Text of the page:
10. I”n any case, the firms’ costs will rise and so will prices, all for something that doesn’t actually produce anything. That’s market failure, right?”

    Only if you consider confidence in the safety of your product to be without value, and are convinced that consumers in the aggregate are similarly unconcerned.

  11. ChiTom – well, if they just made sure no one was feeding ground up cows to other cows, testing would hardly be needed, but I get your point. I kind of threw that last line of mine in there while I was actually doing some other work, so I didn’t really think it out.

    I still don’t see what the problem is. If a company wants to test it’s damn product and put the results on a label, what’s the big deal?

  12. Leo,
    If people do not want it, they will not buy it. Especially not a higher prices. If they buy it at higher prices, it is only because they want it. That means they do not agree that it is worthless.

  13. Coming up with ways to make a product more attractive, even without changing the product, is not market failure. Printing on a package (truthfully) that the contents have been tested for is just like printing a picture of an athlete or celeb whom you paid for an endorsement on your product. It cost the company time and money to get that picture on there, and maybe that cost got passed onto consumers, and obviously it doesn’t make the product better. It’s like advertising… Leo, you don’t think advertising is market failure, do you?

  14. Even among people I know who eat organic, I don’t get the sense that they have superdefined ideas of the benefits they’re getting from organic food. But I imagine people know exactly what they hope to get from something described as not being full of mad cow disease.

    When it comes to meats, organic meats or grass fed meats tend to severlely restrict the occurance/spread of things like mad cow. My understanding is that it spreads because bits of infected cows are used in making the feed (esp. parts of the spial cord and some brain matter) either accidentally or on purpose.

    If the cow only eats grass or organic grains that don’t have infected cow parts ground up and added, then it’s much less likely to get mad cow.

    As for “conventional” meats, I would imagine that being able to claim that you test all your cows for mad cow would be a good marketing move since it seems that every time a case of madcow comes around there tends to be panic and at least for a while quite a few people tend to eat less beef.

    On a side note, as someone who eats quite a bit of organic foods, I do know what the benefits are, to me. To me the benefits are a lack of extra poisons / pesticides, a lack of hormones and chemicals that make foods / animals grow faster and to larger sizes than they normally would, and a healthier environment that they grow in that has resulted in siginificantly better tasting food.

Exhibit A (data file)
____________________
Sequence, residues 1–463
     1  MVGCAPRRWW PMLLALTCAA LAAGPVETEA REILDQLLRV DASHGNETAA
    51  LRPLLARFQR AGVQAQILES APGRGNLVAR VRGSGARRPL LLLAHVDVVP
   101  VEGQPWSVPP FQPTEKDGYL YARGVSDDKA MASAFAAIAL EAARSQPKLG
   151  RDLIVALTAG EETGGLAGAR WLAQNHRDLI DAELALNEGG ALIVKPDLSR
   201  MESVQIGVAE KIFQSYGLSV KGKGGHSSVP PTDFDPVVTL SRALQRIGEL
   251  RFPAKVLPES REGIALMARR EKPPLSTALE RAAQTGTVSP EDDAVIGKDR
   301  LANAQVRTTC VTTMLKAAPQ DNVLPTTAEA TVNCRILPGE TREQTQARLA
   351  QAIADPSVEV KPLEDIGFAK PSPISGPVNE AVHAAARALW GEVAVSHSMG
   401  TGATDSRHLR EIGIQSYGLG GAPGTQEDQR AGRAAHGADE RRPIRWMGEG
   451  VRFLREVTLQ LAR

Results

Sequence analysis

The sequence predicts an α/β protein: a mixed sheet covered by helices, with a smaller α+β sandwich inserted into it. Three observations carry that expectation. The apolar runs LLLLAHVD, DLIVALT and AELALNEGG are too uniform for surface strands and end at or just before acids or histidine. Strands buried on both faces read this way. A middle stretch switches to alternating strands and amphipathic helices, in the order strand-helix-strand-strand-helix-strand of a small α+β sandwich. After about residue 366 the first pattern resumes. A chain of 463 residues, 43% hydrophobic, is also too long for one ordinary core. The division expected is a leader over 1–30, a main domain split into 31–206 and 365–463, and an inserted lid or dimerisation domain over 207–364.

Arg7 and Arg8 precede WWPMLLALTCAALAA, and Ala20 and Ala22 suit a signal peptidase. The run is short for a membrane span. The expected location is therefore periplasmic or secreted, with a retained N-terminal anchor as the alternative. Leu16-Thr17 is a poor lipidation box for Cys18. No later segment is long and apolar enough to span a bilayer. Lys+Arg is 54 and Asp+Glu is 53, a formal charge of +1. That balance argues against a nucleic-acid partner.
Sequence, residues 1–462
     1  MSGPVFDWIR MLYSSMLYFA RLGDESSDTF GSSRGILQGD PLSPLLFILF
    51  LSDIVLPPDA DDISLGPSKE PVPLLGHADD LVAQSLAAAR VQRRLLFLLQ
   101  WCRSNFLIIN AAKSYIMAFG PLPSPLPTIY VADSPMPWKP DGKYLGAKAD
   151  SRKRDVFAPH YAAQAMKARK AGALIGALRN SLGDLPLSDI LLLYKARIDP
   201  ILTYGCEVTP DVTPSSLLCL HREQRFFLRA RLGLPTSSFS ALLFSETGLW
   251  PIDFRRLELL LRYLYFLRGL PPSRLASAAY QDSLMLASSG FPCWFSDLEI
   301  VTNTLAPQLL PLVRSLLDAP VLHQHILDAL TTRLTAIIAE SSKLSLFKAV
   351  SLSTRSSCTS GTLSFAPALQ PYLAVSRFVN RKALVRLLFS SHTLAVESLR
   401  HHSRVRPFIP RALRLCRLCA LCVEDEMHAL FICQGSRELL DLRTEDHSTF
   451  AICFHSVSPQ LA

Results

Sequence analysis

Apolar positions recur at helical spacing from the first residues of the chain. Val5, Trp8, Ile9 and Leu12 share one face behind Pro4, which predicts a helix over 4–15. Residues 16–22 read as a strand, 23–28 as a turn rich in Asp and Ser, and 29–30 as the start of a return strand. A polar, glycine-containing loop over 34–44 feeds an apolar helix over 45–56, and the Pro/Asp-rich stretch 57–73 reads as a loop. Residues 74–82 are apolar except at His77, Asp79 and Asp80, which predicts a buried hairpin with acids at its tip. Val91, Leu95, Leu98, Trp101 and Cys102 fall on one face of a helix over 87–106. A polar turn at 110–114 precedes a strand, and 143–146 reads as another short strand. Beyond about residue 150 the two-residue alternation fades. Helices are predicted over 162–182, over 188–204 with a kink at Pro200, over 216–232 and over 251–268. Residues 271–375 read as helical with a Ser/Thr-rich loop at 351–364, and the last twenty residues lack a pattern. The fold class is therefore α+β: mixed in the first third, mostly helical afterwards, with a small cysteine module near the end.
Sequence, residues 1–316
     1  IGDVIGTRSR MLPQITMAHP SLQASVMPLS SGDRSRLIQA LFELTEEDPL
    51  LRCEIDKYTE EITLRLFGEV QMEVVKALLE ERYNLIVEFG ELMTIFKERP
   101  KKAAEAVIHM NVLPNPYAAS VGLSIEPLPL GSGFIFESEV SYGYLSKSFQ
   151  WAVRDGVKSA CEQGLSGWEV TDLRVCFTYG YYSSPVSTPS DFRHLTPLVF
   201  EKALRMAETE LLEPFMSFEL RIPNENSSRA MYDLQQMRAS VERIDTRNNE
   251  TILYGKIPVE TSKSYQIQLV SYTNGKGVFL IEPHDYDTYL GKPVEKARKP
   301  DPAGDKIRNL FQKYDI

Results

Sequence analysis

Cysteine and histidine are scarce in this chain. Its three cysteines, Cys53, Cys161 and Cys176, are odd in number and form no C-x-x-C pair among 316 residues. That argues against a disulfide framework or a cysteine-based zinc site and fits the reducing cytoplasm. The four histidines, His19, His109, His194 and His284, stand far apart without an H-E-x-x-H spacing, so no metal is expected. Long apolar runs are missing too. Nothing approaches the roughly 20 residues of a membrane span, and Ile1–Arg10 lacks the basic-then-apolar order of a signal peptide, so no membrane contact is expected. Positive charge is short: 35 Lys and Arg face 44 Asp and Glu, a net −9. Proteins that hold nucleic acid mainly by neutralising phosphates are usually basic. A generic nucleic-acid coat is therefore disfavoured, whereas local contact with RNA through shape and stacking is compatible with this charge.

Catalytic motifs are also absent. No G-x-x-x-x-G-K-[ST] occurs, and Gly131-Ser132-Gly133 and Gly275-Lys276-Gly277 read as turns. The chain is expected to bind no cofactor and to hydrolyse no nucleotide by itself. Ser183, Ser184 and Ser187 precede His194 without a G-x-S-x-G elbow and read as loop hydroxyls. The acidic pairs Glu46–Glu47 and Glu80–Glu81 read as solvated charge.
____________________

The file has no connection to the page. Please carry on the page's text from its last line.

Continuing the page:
All of these benefits, to me, are worth the extra cost of organics.

  15. The best thing for Crohn’s disease might be a steak “certified to contain tapeworms.” I’ll pass, thanks.

    http://www.pubmedcentral.nih.gov/articlerender.fcgi?artid=98514

    I’d pay extra for a BSE-free certification on my steak. If they want to package this with organic certification as well, then that probably makes economic sense.

  16. Reformed Repub, if we agree that the test won’t actually show that a cow of a certain age isn’t a mad cow, then what will everybody (consumers and producers) be paying for? Again, it seems a little more difficult to show that people don’t get extra benefits from the “organic” label, partly because I’m pretty ignorant of that whole thing, but I think also because the benefits are pretty vaguely defined. But the benefits of not eating mad cow seem straightforward enough to me. But this test – applied the way Creekstone want to apply it, and the way other beef companies will have to apply it if they don’t want to be seen as selling diseased meat – won’t actually prove that we’re not eating diseased meat. We’ll all just pay more for the same thing.

  17. ChiTom – well, if they just made sure no one was feeding ground up cows to other cows, testing would hardly be needed, but I get your point. I kind of threw that last line of mine in there while I was actually doing some other work, so I didn’t really think it out.

    Lowdog, I agree.

    I understand that we want as few regulations as possible, but when we know that the way mad-cow spreads is by feeding cows to cows, I would hope that the practice would be forbidden. But even if it is banned, I dunno enough to comment on how enforcable such a ban would be. I would imagine they would likely just swap one set of testing (testing for madcow) with another (testing to see if feed contains ground up cow?)

  18. The problem is that consumer choice has been circumvented. We see the same issue in the RBsT issue in milk. If anyone thinks I’m gonna feed my prepubescent girls mammalian maturation hormones on purpose is crazy.

    Put two steaks in the grocery store. Steak #1 is $4.49/lb. Steak #2 is $3.99/lb and has a label that reads this beef from cattle that ate the ground up unusable leftover parts of other slaughtered cattle. That’s true choice.

  19. Isn’t the problem that Creekstone mostly slaughters animals that are too young to show signs of mad cow?